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Gifts of Publicly Traded Securities

A portfolio of publicly-traded stocks and bonds is usually one of the most valuable assets in your possession. It's one that often carries substantial appreciation in value. The downside to assets that have increased in value over the years is the potential tax liability levied against your capital gain from securities.

With careful planning, you may be able to reduce -- or even eliminate -- federal capital gains tax liability. As stock and bond values increase, the taxes you owe on the capital gain generally also increases. But when you donate publicly traded stocks held long term (owned for more than one year) to The Servants of Mary, you generally avoid all capital gains tax liability associated with the appreciated value of the stock. Better yet, you may take the full fair market value of the stock gift as a charitable deduction on your income taxes. The maximum deduction during any given tax year is 30 percent of your adjusted gross income. Keep in mind, if you are unable to take the entire deduction in one year, you may carry the excess deduction forward for up to five additional years.

Gifts of Stocks and BondsHere are some things to consider when donating securities to The Servants of Mary.

If you have appreciation in the value of your securities, there are two options:

  1.  If you own shares you wish to keep in your portfolio, giving us the stock and using cash to buy the same stock through your broker generally provides the same income tax deduction with a new, higher basis in the newly acquired stock.
  2. When appreciated property is held long term (more than one year), is used for a charitable gift and the donor would have otherwise sold the stocks for market or other reasons, two tax savings may result. First, the donor may earn a charitable deduction for the full fair market value rather than the original cost. Second, the donor may be able to eliminate the capital gains tax associated with the appreciated stock value.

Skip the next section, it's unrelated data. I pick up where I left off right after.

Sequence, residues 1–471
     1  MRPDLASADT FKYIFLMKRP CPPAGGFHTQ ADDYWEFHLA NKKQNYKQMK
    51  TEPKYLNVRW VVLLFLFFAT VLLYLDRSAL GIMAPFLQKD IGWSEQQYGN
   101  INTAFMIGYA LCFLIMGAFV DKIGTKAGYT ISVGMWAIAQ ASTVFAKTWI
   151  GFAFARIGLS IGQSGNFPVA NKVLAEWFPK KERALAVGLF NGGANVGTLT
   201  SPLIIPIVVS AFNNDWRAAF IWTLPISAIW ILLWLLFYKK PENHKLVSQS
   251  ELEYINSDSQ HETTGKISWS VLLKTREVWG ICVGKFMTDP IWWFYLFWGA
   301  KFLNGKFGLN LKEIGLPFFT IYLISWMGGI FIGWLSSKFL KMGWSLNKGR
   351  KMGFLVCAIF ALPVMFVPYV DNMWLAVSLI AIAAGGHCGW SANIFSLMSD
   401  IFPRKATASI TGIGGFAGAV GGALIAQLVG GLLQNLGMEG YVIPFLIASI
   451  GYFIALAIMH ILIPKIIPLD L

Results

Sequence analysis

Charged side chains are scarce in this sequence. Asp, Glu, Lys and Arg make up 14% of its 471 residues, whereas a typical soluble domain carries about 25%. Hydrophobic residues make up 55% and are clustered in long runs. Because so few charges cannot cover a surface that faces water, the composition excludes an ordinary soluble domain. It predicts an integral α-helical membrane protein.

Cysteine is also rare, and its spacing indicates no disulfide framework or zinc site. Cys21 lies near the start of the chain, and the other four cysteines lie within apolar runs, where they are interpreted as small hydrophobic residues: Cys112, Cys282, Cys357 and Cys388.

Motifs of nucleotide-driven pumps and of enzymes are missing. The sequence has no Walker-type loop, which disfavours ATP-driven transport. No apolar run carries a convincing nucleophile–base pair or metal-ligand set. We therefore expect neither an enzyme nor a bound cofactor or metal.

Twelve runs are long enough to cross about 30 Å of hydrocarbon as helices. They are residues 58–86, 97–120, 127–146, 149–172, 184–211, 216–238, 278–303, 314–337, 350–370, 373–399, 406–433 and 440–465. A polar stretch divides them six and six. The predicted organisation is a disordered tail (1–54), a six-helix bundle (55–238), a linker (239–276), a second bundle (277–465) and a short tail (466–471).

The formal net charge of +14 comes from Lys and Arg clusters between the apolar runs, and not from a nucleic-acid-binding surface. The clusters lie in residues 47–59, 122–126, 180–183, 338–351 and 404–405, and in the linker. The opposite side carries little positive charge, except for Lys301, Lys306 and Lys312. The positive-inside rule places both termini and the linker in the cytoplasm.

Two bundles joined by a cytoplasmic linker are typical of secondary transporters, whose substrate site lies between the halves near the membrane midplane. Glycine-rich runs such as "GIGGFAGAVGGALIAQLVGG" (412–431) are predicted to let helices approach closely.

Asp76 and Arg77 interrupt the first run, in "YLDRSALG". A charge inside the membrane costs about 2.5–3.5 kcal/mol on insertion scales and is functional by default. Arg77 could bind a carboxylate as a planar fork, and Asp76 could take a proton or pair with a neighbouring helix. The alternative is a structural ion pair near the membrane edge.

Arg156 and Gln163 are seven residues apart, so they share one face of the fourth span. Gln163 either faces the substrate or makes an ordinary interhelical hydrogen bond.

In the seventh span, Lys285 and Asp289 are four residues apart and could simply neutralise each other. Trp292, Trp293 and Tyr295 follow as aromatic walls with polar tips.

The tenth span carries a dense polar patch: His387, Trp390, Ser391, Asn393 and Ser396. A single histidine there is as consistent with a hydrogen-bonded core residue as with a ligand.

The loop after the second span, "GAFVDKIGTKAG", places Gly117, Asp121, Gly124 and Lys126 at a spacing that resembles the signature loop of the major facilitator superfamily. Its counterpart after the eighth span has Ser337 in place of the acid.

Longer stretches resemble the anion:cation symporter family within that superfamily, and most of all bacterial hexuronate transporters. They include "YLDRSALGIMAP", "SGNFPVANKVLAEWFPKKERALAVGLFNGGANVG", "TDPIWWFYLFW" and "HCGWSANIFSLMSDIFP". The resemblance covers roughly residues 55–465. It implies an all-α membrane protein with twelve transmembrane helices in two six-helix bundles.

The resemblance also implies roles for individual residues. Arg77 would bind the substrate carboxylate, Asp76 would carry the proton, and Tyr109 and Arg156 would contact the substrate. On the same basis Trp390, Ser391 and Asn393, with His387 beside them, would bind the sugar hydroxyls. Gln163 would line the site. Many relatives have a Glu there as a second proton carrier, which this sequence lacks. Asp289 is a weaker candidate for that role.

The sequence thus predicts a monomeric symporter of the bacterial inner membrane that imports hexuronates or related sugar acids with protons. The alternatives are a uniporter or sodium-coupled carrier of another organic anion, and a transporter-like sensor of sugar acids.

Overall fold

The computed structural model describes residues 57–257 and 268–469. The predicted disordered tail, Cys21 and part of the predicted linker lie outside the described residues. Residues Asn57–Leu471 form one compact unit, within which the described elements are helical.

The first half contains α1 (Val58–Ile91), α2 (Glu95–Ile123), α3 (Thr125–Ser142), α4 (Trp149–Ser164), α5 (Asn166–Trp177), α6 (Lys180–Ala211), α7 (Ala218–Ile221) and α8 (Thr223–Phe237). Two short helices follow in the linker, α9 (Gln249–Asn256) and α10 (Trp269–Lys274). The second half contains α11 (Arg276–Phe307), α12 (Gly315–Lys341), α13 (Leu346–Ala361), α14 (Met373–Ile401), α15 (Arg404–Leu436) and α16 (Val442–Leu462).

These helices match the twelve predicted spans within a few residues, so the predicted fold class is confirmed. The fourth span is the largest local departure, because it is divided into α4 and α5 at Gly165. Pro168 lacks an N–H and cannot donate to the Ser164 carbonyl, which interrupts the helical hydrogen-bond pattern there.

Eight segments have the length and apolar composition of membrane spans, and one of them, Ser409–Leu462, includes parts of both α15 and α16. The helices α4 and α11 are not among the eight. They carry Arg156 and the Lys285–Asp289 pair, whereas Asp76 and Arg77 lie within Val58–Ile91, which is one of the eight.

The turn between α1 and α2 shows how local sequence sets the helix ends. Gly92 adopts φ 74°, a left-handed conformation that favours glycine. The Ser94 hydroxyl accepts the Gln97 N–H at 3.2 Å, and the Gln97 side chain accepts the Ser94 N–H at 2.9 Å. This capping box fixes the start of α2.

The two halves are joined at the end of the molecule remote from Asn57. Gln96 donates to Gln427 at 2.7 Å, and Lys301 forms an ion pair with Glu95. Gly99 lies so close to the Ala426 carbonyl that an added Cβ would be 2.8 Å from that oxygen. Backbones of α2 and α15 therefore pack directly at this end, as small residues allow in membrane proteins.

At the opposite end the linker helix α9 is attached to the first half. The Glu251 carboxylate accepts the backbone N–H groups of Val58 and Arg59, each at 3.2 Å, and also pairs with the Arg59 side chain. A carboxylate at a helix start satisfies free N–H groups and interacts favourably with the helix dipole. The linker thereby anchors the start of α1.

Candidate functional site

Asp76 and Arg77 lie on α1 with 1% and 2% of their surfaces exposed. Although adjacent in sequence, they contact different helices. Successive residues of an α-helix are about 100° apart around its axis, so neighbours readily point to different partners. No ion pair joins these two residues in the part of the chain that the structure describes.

The income tax deduction for gifts of long-term capital gain property to qualified public charities is limited to 30 percent of the donor's adjusted gross income in a particular year, as opposed to the 50 percent annual limitation for cash gifts to public charities. For most donors, this limitation is not an issue and the total value of the gift will constitute a tax deduction since any unused deduction can be carried forward for five years.

How Much of Your Estate Will Go to Taxes?

When managing capital gains, three features of the federal tax rate structure are important to understand:

1. The difference between the top federal tax rate applied to long-term gain and the highest tax rates applied to ordinary income is currently significant. For taxpayers who fall within the higher tax brackets, long-term capital gains tax is generally more attractive than ordinary income tax.

2. The current tax rate for federal estate and gift taxes.

3. The tax rate on generation-skipping transfers of assets. Should you pay capital gains tax now instead of a potentially higher gift or estate tax later?

Using Gains to Achieve Your Philanthropic Objectives

Income tax charitable deductions have become increasingly significant in reducing taxable income, particularly since tax reform has eliminated many other tax deductions.

Example:
You give us 1,000 shares of publicly traded stock he has held for more than one year. Their fair market value (the average of high and low trades for the day of the gift multiplied by the number of shares) is $12,000; their original cost, $5,000. Your marginal federal income tax rate is 28 percent, and you are not subject to state or local income taxes.

The $4,410 of total taxes ($7,000 long term capital gain x 15 percent = $1,050 capital gains tax added to $12,000 x 28 percent = $3,360 income tax) avoided that the government "contributed" to the gift transaction nearly equals your net cost. Best of all, you made a gift of $12,000 to your favorite charitable organization.


On the other hand, if you have stock losses, sell the stock yourself to realize the loss and take the allowable deduction for tax purposes. This generates a charitable deduction by donating the cash proceeds of the sale to The Servants of Mary.

For additional information on gifts of stocks and bonds, please contact Fr. Lawrence Choate at 800-778-4400.